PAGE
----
On the Laguna Madré side of the island the story is much the same. But since this land is private, landowners have closed off all access to the laguna, probably because fisherpeople, sail-boarders and others using these access points were trashing them out. Now, anyone wishing to access the laguna is forced to use one public access beach near the Convention Center. This access is crowded by sailboarders at one end, and choked with trash at the other.

THERE ARE SIGNS indicating that the private lands north of the developed area will soon be developed into more condos and strip malls, and I began to think of this as a good thing. While development in Central Colorado almost always impacts the land negatively, development on Padré Island may mean more people using litter barrels.

The fact is, if South Padré Island is any indicator, Texans don’t deserve to have public land. They don’t know how to take care of it.

We’re talking about a state that has “Litter Barrels” along highways.

Isn’t that presumptuous? Here we call such things “Trash Barrels.” These barrels are where you put your trash. Not where you put the stuff you would normally throw out on the ground if there weren’t a “Litter Barrel.” Little nuances like that work to build a bigger attitude, an attitude as big as Texas.

For a sidetrip I drove back over to the mainland to visit the Laguna Atascosa National Wildlife Refuge. As I drove up to the overlook from whence you are supposed to be able to view wild alligators, my breath was taken away by a desert, miles across, where the gators once swam.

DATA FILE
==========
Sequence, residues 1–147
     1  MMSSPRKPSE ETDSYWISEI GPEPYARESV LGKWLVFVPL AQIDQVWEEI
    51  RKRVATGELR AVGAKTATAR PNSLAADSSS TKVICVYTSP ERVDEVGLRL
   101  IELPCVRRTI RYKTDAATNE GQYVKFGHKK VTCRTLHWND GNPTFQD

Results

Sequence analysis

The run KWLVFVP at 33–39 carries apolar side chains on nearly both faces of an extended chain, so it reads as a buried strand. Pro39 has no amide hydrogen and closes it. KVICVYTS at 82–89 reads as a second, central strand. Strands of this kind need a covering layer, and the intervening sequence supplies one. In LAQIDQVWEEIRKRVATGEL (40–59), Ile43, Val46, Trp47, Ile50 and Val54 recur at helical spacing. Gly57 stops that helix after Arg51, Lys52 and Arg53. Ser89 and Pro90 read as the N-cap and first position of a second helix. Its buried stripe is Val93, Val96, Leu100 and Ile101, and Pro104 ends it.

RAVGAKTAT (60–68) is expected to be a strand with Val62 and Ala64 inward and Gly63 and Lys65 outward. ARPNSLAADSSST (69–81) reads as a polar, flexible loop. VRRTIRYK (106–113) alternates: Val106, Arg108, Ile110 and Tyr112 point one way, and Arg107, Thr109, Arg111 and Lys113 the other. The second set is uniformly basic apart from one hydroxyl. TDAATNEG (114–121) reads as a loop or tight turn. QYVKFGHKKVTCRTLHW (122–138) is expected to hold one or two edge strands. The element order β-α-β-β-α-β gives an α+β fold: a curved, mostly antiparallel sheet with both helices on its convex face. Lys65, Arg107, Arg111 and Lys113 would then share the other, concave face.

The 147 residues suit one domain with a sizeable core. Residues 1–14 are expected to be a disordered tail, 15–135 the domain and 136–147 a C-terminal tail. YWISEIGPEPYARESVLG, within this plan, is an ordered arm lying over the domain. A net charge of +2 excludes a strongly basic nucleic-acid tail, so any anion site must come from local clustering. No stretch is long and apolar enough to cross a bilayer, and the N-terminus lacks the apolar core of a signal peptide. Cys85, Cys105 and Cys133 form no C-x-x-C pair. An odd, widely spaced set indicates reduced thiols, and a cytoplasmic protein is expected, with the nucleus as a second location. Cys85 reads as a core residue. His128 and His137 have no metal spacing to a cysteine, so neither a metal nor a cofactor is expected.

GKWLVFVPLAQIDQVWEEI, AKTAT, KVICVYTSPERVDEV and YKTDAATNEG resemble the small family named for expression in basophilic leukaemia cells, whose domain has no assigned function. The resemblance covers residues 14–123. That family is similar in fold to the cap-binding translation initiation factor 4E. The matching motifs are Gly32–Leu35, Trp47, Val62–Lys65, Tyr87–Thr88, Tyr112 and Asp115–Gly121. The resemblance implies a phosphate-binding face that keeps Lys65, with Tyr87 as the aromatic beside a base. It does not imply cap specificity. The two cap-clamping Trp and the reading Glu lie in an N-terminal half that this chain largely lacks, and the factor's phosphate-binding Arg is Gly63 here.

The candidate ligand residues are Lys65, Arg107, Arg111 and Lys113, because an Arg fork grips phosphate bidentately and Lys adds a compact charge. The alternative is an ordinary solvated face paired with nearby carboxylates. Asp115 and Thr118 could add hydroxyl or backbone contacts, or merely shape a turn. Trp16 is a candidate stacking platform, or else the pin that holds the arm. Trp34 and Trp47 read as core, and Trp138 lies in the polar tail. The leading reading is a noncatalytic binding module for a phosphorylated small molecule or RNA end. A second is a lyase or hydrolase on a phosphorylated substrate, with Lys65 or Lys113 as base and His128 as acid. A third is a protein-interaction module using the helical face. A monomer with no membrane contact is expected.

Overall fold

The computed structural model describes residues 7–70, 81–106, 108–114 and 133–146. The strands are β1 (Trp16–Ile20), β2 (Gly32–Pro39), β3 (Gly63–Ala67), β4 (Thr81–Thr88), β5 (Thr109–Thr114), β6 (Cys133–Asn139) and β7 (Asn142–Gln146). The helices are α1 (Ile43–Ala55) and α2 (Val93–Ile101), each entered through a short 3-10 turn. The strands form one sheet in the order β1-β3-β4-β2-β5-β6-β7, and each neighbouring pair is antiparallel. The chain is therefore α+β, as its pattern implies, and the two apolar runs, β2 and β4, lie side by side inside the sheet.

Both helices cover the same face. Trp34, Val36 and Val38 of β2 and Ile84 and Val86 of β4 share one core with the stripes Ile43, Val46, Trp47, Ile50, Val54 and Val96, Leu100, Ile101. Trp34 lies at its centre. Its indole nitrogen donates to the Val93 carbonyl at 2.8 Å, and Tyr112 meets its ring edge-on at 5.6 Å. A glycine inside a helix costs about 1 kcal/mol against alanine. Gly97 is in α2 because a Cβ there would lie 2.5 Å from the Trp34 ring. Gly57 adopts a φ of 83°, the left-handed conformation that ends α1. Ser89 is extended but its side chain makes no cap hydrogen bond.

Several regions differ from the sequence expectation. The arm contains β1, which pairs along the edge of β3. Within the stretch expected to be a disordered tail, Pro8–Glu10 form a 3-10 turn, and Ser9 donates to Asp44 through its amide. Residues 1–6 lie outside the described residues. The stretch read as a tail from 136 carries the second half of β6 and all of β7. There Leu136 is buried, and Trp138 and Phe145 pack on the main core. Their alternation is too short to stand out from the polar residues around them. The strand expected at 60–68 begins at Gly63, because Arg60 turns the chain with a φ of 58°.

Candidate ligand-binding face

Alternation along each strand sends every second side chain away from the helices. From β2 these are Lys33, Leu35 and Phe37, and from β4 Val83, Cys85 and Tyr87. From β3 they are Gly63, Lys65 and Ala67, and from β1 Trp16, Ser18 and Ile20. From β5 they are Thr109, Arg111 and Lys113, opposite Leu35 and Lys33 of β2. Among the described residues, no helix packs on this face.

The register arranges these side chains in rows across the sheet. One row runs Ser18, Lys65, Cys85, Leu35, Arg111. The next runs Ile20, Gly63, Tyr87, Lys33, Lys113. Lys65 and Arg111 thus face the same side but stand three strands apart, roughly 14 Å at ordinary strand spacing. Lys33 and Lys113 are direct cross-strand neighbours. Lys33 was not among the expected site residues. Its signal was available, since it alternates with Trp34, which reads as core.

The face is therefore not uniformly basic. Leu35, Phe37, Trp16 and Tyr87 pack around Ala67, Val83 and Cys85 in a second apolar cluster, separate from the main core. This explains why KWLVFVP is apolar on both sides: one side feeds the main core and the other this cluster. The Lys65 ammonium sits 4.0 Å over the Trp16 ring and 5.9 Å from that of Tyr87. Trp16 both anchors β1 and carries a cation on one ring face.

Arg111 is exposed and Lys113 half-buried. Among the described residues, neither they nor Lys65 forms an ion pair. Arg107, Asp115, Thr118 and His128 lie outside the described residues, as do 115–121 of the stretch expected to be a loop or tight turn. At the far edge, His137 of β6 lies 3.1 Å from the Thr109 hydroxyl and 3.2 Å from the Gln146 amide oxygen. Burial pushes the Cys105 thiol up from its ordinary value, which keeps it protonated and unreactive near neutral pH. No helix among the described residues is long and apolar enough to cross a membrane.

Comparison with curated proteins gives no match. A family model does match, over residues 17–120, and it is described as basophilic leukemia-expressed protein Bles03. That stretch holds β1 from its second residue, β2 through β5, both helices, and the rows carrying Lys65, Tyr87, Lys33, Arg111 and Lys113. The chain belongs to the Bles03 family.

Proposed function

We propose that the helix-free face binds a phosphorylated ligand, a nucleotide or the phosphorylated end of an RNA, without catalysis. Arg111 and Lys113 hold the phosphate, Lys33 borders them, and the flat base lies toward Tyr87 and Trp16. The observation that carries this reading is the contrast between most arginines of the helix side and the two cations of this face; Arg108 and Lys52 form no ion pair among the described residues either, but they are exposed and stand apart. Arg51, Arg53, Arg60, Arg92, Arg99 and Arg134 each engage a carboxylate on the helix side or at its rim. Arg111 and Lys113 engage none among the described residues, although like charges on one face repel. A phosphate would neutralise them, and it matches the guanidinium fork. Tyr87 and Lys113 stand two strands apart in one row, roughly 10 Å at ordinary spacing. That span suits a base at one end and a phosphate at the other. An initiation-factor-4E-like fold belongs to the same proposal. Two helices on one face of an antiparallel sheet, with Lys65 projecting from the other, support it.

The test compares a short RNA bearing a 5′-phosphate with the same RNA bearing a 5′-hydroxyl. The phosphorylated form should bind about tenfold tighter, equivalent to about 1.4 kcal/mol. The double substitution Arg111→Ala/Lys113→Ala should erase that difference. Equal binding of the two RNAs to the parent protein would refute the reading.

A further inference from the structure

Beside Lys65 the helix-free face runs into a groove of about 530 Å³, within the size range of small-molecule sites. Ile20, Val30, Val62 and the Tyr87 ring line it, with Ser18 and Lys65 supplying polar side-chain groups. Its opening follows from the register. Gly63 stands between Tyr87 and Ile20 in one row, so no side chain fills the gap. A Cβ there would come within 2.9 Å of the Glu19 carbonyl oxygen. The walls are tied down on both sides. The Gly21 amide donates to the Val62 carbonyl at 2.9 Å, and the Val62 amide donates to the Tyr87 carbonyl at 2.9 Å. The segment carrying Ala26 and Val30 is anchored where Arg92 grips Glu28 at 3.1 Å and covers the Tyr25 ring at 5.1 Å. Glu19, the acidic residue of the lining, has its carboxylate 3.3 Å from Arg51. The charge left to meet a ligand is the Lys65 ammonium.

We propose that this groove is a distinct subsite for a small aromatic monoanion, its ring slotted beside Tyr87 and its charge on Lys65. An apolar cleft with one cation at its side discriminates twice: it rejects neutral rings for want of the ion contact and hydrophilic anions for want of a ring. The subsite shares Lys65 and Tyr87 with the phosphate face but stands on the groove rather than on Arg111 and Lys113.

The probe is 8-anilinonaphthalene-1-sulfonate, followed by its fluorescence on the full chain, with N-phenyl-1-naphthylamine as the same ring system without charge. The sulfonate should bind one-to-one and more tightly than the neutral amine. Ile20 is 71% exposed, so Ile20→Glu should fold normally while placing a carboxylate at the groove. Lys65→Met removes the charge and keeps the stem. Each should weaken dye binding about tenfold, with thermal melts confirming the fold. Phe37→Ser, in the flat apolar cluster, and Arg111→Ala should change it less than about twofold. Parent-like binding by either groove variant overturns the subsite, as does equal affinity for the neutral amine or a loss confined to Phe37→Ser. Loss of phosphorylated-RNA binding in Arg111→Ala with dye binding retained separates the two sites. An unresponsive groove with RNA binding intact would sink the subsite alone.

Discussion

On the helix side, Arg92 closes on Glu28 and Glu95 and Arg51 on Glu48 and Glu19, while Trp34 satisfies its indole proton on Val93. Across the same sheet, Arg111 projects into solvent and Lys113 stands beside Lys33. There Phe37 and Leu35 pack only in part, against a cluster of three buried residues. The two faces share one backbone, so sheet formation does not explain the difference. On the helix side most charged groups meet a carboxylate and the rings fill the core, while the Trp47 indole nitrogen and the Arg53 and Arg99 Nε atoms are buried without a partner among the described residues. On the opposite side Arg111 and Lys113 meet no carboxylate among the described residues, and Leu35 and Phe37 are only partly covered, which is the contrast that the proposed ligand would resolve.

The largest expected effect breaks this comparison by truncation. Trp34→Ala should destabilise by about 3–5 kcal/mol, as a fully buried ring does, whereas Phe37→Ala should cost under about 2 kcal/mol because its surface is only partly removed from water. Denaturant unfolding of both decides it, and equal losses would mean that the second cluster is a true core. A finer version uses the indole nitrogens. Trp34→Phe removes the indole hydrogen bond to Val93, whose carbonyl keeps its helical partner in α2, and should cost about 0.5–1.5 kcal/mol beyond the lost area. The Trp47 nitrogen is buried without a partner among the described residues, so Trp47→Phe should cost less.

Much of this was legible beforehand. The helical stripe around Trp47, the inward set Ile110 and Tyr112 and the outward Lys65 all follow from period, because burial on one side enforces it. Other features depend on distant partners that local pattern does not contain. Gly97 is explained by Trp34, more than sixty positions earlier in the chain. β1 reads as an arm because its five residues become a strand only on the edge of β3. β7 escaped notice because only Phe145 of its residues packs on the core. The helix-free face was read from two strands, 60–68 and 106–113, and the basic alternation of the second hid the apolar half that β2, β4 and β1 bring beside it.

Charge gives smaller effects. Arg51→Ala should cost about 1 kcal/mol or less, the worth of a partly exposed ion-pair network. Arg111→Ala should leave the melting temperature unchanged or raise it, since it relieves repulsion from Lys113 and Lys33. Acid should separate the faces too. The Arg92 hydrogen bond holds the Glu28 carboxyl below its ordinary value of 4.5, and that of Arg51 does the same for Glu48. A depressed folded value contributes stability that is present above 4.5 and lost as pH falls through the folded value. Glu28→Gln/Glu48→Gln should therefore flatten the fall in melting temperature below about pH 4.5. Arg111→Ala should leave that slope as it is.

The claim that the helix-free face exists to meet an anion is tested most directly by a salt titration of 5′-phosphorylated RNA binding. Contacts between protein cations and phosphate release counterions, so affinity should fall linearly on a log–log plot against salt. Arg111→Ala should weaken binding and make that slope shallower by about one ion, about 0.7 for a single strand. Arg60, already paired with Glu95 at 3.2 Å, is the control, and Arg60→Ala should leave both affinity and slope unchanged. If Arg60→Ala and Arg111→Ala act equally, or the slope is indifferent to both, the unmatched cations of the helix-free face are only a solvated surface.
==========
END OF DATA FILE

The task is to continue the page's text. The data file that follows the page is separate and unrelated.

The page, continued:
Where has all the water gone? I don’t think drought is a good-enough explanation. And even if it is, who caused it?

TRYING TO MAKE THE BEST of things back at the Padré Island National Landfill, I paddled my kayak north a good distance from the Convention Center access, where in addition to the litter that never found a barrel — something in the bushes smelled like a rotting carcass. Miles north of this mess, I parked my boat and waded in the clear laguna along a deep channel, casting an imitation shrimp fly. While wading in this shallow water I spotted a small brownish-red stingray, hovering like a UFO over the sand. I stood above this strange fish and watched it. I thought how delicate the balance must be for something like this to be born, live a full life and reproduce. I thought how this ray had no idea how trashed the beach was or how the island that protects it from the Gulf waves is eroding. It’s up to us to look out for creatures like this. Hundreds of miles at the other end of this fish’s ecosystem there are cutthroat trout swimming in clear lakes and streams. I think the fish have a better deal back in the Sangre de Cristos.

And I think we do too. The challenge is for us to keep a “trash barrel” attitude instead of a “litter-barrel” attitude, and to make sure that our public lands don’t become landfills or get sold to developers.

In you don’t believe that it could happen here, you don’t have to drive across Texas on the diagonal to get a new perspective. Just go to the local landfill and watch the gulls. Notice the way they squawk in confusion at the lack of waves and sand, but somehow seem totally at home.

Hal Walter is the Jonathan Livingston Seagull of Central Colorado essayists.